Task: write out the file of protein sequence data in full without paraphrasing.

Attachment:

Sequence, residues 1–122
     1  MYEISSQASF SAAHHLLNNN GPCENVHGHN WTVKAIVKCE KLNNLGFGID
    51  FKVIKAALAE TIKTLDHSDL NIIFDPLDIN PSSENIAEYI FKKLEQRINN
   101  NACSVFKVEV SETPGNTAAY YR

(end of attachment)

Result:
Sequence, residues 1–122
     1  MYEISSQASF SAAHHLLNNN GPCENVHGHN WTVKAIVKCE KLNNLGFGID
    51  FKVIKAALAE TIKTLDHSDL NIIFDPLDIN PSSENIAEYI FKKLEQRINN
   101  NACSVFKVEV SETPGNTAAY YR